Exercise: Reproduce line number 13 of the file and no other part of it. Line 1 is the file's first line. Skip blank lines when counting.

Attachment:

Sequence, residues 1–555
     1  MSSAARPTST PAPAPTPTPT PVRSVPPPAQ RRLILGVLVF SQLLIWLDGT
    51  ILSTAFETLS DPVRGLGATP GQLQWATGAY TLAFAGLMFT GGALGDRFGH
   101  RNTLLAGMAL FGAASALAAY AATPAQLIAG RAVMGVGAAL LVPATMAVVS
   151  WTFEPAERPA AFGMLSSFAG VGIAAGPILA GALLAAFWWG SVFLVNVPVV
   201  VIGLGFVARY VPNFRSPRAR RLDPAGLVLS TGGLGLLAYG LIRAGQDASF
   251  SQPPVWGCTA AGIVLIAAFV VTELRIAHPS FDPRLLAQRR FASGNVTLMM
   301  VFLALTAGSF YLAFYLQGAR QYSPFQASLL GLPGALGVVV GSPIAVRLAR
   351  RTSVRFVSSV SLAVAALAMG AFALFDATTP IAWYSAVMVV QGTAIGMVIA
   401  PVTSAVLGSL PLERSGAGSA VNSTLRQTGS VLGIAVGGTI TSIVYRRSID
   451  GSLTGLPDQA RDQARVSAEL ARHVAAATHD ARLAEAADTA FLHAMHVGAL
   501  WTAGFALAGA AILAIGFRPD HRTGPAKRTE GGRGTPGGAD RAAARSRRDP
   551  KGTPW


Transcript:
   551  KGTPW